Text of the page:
Behind the scenes of science

Behind the scenes of science

The unsung heroes of science: meet the people who make our research possible. 

 

Gavin Pritchard and Christine Larsen are in the Plant Services Team in the ANU Research School of Biology. They maintain the University’s greenhouses, and give our researchers’ plant babies all the TLC they need to thrive.

Christine: “Gavin likes to sing to his plants. He’s in a choir.”
Gavin: “Only when there’s no one around.”

 

Building & Facilities Officer Eric Ward and Research Fellow Oscar Branson maintain the fish tanks at the ANU Research School of Earth Sciences in support of research into coral and marine environments.

Oscar: “The clown fish are mostly jerks. This one will come and just attack you.”
Eric: “I thought that was a kiss!”

 

Joanne Lee is a Biological Microscopy Specialist at the Centre for Advanced Microscopy. She prepares and examines specimens for researchers at ANU.

“Doing this job really changes my perspective of the world. Before this I would see a flower and say ‘oh that’s pretty’, but then I’d look at it under the microscope and think ‘Oh, that’s scary!’ The way cells structured and how they respond to their environment, it is far more complicated and overwhelmingly exquisite.”

 

Alastair Walters, Volunteer and Patient Recruitment Officer, and his support team – Sonam Pema and Lyndall Thorn – works at the ANU Medical School sourcing volunteers and actors to be practice patients, like Pierre (pictured).

Pierre: “One of my friends was a volunteer patient and she said it was fun. I had retired and was looking for something to do, so I said I would give it a try for a couple of months. And I'm still here. I’ve been retired for about ten years, and I’m busier now than when I was working!”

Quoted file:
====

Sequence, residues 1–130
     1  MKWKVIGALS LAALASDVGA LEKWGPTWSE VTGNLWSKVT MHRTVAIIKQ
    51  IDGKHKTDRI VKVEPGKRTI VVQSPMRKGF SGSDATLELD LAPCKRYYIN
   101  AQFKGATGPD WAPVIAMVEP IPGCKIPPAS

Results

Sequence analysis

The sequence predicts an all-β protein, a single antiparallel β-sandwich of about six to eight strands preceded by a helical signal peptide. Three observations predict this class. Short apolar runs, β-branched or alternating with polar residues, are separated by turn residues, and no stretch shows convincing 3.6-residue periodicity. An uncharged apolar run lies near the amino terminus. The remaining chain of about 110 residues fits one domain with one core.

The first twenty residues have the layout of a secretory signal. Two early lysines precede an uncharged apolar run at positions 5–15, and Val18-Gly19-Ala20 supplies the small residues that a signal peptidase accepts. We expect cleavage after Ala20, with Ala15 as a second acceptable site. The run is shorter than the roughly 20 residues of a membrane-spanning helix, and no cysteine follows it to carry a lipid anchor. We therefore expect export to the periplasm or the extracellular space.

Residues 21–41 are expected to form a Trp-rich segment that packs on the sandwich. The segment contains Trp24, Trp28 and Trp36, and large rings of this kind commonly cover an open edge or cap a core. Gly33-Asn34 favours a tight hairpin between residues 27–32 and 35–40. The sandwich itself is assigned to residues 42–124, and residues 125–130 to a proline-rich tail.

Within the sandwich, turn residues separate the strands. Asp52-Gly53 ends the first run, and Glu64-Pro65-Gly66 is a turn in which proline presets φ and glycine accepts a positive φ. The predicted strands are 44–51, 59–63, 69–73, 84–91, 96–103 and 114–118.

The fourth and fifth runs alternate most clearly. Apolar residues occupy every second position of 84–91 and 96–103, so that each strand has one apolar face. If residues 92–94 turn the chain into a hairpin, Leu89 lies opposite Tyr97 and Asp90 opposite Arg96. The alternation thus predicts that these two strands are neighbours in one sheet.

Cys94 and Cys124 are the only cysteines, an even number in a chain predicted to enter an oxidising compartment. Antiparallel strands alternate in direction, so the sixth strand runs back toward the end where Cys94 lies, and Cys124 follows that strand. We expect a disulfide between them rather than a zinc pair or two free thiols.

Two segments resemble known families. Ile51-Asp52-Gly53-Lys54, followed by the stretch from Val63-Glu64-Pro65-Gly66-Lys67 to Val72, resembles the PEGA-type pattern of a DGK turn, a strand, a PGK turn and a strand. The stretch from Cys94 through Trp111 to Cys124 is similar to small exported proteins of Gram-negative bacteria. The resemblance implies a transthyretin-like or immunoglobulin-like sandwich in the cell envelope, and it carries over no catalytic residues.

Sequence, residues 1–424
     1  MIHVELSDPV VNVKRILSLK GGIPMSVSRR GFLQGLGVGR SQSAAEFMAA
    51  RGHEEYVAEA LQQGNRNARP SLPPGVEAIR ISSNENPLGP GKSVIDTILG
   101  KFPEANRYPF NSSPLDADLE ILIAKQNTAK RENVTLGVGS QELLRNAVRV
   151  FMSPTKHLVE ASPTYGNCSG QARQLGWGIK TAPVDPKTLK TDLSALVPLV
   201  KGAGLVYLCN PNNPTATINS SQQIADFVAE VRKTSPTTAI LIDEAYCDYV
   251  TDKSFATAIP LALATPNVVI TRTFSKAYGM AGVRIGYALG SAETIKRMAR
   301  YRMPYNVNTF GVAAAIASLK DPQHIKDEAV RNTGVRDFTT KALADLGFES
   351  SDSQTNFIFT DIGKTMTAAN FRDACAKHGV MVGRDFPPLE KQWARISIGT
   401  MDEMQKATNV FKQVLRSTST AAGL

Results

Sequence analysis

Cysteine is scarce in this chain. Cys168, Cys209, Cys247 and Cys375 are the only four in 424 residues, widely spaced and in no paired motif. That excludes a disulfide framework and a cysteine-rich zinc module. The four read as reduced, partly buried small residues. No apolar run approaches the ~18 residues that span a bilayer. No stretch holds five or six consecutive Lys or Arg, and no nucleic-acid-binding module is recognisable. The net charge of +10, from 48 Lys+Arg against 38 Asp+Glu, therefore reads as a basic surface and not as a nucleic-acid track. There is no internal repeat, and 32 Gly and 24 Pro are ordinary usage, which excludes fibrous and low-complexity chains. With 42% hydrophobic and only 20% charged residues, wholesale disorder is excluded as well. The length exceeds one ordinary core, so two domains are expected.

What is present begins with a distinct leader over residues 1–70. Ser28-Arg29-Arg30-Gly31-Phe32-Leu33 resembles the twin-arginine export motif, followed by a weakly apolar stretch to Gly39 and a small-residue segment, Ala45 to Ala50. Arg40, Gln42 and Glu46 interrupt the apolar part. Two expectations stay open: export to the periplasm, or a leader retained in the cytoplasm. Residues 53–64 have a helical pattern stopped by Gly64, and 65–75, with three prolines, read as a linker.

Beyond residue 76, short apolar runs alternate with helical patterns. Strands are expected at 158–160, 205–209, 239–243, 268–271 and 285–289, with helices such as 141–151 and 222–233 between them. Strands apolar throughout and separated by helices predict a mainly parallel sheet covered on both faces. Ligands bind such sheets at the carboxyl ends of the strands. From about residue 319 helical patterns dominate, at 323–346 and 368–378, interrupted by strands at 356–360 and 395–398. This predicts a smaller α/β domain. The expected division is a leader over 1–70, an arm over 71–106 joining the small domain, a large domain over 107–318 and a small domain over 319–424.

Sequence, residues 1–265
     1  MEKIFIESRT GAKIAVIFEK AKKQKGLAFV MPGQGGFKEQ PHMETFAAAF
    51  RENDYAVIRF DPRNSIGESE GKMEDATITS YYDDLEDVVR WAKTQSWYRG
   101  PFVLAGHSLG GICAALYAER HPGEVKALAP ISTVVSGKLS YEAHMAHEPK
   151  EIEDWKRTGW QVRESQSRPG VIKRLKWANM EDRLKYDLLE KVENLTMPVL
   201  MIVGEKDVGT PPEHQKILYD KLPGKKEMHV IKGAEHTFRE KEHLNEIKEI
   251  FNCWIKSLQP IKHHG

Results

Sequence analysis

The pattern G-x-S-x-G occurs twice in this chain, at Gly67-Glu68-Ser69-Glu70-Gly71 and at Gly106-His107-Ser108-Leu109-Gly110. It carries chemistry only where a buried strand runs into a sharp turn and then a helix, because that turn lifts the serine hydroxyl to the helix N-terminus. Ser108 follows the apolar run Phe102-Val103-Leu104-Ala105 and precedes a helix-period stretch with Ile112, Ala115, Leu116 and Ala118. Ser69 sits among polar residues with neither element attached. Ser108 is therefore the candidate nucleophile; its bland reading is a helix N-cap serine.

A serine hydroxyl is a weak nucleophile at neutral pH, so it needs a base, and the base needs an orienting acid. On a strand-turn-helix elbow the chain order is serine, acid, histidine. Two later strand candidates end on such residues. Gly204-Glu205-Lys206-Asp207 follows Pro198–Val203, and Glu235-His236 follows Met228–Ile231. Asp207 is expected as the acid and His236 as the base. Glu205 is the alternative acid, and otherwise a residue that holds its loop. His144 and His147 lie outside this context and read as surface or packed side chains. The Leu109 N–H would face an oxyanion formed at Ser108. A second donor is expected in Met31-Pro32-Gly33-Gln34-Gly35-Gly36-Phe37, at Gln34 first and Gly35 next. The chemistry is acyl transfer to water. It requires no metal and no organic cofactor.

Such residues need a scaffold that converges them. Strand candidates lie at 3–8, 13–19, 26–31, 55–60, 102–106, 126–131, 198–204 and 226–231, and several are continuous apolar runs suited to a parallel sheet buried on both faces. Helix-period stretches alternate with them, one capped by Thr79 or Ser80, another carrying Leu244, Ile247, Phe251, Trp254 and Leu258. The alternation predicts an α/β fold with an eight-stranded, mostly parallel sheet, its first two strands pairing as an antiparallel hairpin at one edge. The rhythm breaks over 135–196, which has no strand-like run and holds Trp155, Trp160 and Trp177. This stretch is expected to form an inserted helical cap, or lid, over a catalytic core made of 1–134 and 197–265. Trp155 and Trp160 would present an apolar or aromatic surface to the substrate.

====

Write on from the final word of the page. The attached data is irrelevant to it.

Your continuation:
Saskia Morris, Rachael Hanrick and Jordan Haddrick are part of the Ground Control team at the ANU Makerspace, located at the Physics Education Centre, a community resource open to all staff and students to explore their creativity using a range of amazing tools.

Jordan - “We love to tell the story of Hugo, who was a student here at physics, and also a saxophone player. He needed a new saxophone mouthpiece, but they are really expensive. And so he modeled his own mouthpiece and printed some on the 3D printer. Now he exclusively plays with his custom-made mouthpieces!”

 

Laboratory Technician Vance Lawrence from the ANU Research School of Chemistry is in charge of making things explode when they’re supposed to, and not explode when they’re… not supposed to.

“Human beings are the biggest risk in science. To be honest, 99.9% of the incident reports I’ve had are down to humans taking shortcuts.”

 

When scientists at the John Curtin School of Medical Research at ANU need data from fruit flies for their research into diseases such as brain cancer, they turn to our fruit fly guys, Senior Technical and Research Officers Eloisa Pagler and Naomi Mitchell.
Naomi: ”We’ll be in the kitchen making coffee and then we’ll say 'just off to harvest some virgins!' It sounds weird but that’s what we do! Female flies can store sperm and we need her to mate with specific males. This way we can control the genes of the offspring.”

 

Executive Assistant Faye Irwin and PhD researcher Roxanne Jones, from the ANU Research School of Population Health, are currently working on Mayi Kuwayu – the most extensive longitudinal study on Aboriginal and Torres Strait health and culture ever undertaken in Australia. They use paper surveys and phone calls to reach the majority of participants.

Faye: “We can take hundreds of phone calls a day. The first day, I remember leaving here thinking I'm not even sure if I can drive my car home. I'm not kidding. I thought, I just have to sit quietly beside a tree for ten minutes and collect my thoughts.”

 

Craig Young and Luke Roberts are part of the Mechanical Workshop team at the Research School of Physics. They have a giant warehouse of tools to create parts for physics experiments and research around campus.

Luke: “The things I’ve made are scattered around the world. Some are even in space or at the bottom of the ocean.”
Craig: “You can’t describe the range of things we are asked to do. Next week we’re mechanically slicing fossilised whale poo.”

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